CHELSEA — In West Chelsea, $5,000 a month can get you a one-bedroom apartment next to the High Line, access to an exclusive patio and sweeping views of the Hudson River.
But now, neighbors say, the pricey real estate also includes exhaust fumes and loud sirens at all hours of the day.
A plan to keep ambulances serving the West Side at a station underneath the High Line on West 23rd Street has residents of the expensive condos next door fuming over the idling vehicles and screeching sirens that they claim make it impossible to enjoy their homes.
The FDNY allowing ambulances to provide critical emergency services to the West Side after St. Vincent's Hospital and its own ambulance station closed in 2010.
Now, the Fire Department wants a land-use change that would allow for an extension of the station's month-to-month rent agreement at the site to a longer-term lease.
Owners of the property, which is a former parking lot, are agreeable to the land-use change that would permit longer-term ambulance use in the residential area because it would let them ink a more permament tenant, FDNY officials said without identifying the owner.
However, local residents see the station as out of place.
"We have nieces and nephews that come to visit, and it was a nice day and they had problems going outside on the terrace because of the fumes," said one angry resident at a recent meeting on the issue.
The 3,656-square-foot station directly beneath the High Line allows ambulances to re-stock and clean up after each emergency trip. Without it, FDNY officials said that rescue vehicles would have to travel all the way to a station at Bellevue Hospital on the East Side after emergency runs, forcing ambulances to wait a full two hours until they can return to the streets, compared to just 30 minutes at the Chelsea station.
"My first quality-of-life issue is life itself," said David Harney, chief of staff for the Deputy Fire Commissioner, appearing last week at a Community Board 4 meeting to ask for support for the land-use change, which will be decided on by the City Planning Department.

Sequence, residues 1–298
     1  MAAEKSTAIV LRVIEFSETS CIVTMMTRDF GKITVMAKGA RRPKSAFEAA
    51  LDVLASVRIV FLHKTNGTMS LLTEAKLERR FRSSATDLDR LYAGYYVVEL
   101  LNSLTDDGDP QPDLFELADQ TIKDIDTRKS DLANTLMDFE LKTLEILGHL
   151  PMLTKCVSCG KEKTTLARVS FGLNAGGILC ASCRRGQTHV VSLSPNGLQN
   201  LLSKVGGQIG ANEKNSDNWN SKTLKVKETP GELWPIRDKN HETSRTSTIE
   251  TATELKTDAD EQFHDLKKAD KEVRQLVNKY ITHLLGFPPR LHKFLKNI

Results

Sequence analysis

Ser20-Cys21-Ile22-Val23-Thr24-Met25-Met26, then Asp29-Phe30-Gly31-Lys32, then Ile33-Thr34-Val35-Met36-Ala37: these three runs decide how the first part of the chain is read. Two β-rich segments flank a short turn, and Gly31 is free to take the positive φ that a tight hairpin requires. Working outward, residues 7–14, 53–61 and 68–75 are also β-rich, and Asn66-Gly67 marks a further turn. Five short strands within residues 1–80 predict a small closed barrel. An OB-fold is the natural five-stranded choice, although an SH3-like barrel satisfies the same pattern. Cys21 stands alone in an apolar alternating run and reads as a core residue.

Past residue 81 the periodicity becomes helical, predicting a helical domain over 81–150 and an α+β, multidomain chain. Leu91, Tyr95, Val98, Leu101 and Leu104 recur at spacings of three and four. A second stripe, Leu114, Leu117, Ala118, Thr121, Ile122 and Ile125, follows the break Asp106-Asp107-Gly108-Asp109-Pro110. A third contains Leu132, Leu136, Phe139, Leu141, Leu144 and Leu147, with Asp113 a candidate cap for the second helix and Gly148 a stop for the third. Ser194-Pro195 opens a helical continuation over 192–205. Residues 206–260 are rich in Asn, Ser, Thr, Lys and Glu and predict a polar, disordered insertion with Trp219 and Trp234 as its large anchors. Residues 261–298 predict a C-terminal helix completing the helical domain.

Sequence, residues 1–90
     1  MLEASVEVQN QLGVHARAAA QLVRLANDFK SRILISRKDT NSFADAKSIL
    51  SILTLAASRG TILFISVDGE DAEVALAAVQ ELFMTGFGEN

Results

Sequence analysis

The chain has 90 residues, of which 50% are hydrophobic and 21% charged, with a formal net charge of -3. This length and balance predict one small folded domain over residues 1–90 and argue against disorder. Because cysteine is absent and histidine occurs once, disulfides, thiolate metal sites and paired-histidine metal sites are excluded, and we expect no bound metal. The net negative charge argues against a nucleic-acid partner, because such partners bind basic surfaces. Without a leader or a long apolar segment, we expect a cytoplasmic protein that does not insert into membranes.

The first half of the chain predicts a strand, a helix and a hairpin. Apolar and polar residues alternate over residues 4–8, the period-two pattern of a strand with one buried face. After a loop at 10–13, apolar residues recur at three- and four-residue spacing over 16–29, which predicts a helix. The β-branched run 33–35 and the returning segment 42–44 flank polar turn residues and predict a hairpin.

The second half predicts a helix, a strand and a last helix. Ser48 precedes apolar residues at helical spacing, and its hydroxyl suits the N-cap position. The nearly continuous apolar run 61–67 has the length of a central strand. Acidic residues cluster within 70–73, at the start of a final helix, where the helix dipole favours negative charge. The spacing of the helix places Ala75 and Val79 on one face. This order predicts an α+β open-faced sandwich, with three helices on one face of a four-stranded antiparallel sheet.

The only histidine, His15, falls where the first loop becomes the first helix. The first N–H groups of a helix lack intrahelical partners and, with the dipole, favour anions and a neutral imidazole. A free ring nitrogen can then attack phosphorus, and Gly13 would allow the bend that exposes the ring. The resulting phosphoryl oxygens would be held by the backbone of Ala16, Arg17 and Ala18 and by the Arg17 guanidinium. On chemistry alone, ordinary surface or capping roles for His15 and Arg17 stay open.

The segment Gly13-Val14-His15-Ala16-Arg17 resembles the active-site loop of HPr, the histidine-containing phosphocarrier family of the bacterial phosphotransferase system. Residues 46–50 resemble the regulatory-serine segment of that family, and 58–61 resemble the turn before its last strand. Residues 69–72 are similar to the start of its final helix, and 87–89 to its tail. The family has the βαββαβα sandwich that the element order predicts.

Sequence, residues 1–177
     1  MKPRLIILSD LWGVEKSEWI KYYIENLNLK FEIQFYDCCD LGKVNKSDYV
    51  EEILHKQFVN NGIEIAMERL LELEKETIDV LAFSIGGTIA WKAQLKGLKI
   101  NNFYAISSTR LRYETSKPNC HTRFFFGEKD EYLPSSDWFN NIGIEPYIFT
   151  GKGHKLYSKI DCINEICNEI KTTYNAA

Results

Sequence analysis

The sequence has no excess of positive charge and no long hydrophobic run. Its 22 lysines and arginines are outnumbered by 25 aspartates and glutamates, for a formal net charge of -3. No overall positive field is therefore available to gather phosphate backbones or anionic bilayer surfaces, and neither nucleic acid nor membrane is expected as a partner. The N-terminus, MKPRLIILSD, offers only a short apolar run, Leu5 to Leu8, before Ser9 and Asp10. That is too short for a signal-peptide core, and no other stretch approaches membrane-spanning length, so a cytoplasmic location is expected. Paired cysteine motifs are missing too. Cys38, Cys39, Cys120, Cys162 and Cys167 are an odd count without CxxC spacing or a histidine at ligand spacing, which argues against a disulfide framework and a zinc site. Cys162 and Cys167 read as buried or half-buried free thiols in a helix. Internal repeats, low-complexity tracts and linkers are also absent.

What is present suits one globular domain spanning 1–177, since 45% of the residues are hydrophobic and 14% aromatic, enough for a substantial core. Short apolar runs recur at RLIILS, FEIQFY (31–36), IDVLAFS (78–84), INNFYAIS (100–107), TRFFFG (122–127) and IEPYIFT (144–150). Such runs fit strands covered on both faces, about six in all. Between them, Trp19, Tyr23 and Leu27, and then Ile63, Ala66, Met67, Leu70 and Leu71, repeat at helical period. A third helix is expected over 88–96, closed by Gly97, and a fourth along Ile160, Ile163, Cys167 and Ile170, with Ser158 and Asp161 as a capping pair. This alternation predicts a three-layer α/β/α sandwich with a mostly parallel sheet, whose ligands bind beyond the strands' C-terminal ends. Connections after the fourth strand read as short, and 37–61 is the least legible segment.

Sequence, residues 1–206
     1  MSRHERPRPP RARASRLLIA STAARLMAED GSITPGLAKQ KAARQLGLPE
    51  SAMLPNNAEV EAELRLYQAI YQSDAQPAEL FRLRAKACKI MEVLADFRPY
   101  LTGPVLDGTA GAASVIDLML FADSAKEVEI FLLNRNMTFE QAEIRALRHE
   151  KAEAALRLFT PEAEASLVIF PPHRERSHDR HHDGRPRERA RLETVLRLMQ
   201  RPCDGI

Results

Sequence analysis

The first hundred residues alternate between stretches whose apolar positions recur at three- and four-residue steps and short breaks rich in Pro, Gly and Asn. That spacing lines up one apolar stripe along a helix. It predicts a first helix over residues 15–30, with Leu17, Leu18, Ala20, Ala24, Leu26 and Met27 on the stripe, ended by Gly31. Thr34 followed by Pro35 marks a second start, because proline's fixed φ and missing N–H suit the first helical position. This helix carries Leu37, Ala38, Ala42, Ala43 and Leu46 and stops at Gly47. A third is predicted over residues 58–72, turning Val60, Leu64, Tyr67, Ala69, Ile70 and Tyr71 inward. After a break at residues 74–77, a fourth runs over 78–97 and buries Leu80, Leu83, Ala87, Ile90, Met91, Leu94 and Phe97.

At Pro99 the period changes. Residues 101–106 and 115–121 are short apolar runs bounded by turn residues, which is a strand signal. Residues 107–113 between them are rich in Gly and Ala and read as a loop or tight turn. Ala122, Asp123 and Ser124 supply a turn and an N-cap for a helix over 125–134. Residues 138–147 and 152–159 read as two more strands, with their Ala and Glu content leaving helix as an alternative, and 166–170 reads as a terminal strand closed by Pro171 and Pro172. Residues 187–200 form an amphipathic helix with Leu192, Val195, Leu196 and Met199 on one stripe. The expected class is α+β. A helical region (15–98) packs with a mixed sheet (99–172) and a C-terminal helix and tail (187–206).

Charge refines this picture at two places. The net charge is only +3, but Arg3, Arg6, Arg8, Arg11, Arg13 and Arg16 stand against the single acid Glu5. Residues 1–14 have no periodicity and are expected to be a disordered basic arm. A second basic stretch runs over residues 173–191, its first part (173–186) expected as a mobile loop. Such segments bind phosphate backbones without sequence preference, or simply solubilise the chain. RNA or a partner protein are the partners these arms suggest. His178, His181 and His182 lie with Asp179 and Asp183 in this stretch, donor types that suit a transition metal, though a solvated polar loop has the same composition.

"Not having a facility on the West Side of Manhattan is detrimental to our operations," he added. "Right now, the landlord could evict us with 30 days notice."
The FDNY is still looking for another, permanent site for the station, but that process could take years, and it wants to feel secure at the location it already operates, Harney explained.
"The Fire Department could not wait three years to identify, go through a land-use review, design, and build a permanent facility to service this critical area," he said.
Harney said cars pulled in and out of the space all day when the station used to act as a parking lot, noting that currently only seven vehicles come in and out of the station three times a day.
The EMS vehicles often need to idle to keep power supplied to specialized medical equipment, such as computers and refrigerators that keep medicine cool, according to fire officials. Like any other vehicle, the ambulances need to be turned on to prevent that equipment from draining their batteries.
Frustrated neighbors said that fumes from the idling ambulances get trapped under the High Line and then seep into their apartments.
"My apartment gets filled with exhaust at 7 a.m. in the morning. It gets filled with exhaust at 11 at night," said Patrick Proctor, who lives at the Marais at 520 W. 23rd St., where a one-bedroom apartment is currently renting for $3,500 a month.
"I don't think anyone's questioning the necessity of having ambulance service on the West Side of Manhattan, but the fact of the matter is this station is surrounded by five residential buildings."
Representatives of the companies managing those buildings did not immediately respond to requests for comment.
Capt. James Foley, the commanding officer of Station 7, pledged to work more closely with the neighborhood but said that the current fleet of rescue vehicles has to idle because the ambulances are unable to plug into nearby power sources.
"We're working to reduce the time the unit has to idle," he said. "We are reminding our crews that this is something that affects the neighbors."
The full CB4 board ultimately voted to ask the the City Planning Department to deny the FDNY's application for the land-use change unless the FDNY agreed to enclose and ventilate the area, investigate alternative fuels such as natural gas for their vehicles, and ramp up their search for a new location outside of a residential area.
The board also voted to alert Speaker Christine Quinn about the ongoing resident complaints regarding the station, asking her to intervene if things get worse.
"When they chose this site, they must have been aware that there is nothing but residential buildings around it," said board member Sarah Desmond.
"They better be looking somewhere else, because this ain't forever."